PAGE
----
As budget cuts continue to be debated in Congress, the European Commission has proposed more than tripling its spending in the international marketplace to support the export of Europe Union (EU) agricultural and agri-food sector products.
“Enjoy, it’s from Europe” is the slogan for the proposed expanded export initiative that “aims to help the sector's professionals break into international markets and make consumers more aware of the efforts made by European farmers to provide quality products, based on a genuine strategy established at European level,” according to EU media reports.
The proposal, which will be submitted to the European Parliament for its review, would boost European aid for agricultural exports progressively from €61 million ($82.5 million) in the 2013 budget to €200 million ($270.5 million) in 2020.
“In a world in which consumers are increasingly aware of the safety, quality and sustainability of food production methods, European farmers and small- or medium-sized enterprises are in a position of strength,” says European Commissioner for Agriculture and Rural Development Dacian Ciolos. “The European agricultural and agri-food sector is well-known for the unrivaled quality of its products and its compliance with standards that are unmatched anywhere else in the world. With over €110 billion worth of exports already, this is a formidable asset for boosting growth and employment within the EU.”
“This proposal from the European Commission sends a clear message that I hope our Congress is listening to,” says Mark Jagels, chairman of the U.S. Meat Export Federation (USMEF) and a fourth-generation farmer from south-central Nebraska. “With 96% of the world’s population living outside our borders, we need to focus our energy and resources on putting U.S. meat and other agricultural products on the world’s tables. If we don’t, our competitors in the EU and around the world will gladly take that business off our hands.”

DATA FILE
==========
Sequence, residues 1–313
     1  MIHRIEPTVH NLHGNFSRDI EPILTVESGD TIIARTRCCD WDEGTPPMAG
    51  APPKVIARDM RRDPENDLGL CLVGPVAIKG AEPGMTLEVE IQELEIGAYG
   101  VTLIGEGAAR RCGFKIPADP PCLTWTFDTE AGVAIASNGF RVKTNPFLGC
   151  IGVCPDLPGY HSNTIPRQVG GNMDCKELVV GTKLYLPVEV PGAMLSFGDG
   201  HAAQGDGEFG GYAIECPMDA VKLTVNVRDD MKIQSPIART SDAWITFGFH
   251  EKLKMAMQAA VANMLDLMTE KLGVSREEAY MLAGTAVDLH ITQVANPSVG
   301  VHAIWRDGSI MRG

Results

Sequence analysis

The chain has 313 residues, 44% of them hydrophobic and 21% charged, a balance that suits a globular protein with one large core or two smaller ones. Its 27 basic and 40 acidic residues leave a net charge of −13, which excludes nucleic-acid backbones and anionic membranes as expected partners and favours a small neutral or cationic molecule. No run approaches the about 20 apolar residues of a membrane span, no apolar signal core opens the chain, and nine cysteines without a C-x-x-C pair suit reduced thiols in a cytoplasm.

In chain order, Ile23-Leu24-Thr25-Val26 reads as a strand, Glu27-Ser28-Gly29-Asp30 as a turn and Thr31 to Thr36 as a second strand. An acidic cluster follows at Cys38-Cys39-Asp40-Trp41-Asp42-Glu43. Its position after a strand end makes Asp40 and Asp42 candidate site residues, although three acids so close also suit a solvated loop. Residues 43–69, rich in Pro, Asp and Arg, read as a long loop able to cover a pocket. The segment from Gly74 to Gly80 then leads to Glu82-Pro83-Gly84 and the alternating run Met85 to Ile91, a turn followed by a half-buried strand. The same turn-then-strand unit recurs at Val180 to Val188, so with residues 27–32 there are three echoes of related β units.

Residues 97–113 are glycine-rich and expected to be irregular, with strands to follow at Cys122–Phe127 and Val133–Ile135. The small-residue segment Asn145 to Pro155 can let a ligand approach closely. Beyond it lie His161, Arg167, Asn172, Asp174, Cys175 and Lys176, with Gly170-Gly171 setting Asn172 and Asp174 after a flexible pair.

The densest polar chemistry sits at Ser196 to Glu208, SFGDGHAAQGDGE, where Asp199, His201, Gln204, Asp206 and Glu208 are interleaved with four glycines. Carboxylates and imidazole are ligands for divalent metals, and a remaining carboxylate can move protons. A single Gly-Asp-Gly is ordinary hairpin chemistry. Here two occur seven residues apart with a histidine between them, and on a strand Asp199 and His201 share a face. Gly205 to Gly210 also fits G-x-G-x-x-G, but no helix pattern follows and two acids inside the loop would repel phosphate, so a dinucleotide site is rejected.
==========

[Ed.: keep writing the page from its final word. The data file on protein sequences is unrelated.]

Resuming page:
Jagels noted that the benefits of supporting U.S. agricultural exports are well-documented.
“U.S. agricultural exports, which topped $141 billion in value in FY 12, support nearly 1.2 million American jobs,” Jagels says. “They accounted for a $38.5 billion surplus in the balance of trade for the year – one of the few bright spots in our economy.”
A recent study conducted for the U.S. Department of Agriculture (USDA) reported that the investment of USDA and checkoff funds in USMEF programs over the prior 10 years returned an average of $7.42 in net revenue to the U.S. pork industry and $3.87 to the beef industry per dollar invested.
“Where better can we invest our tax dollars than in supporting agricultural exports that create jobs, bolster an essential industry and put tax revenue back into the government’s coffers,” Jagels says. “We need to take a cue from the European Union and support agricultural exports rather than reducing spending on these essential programs.”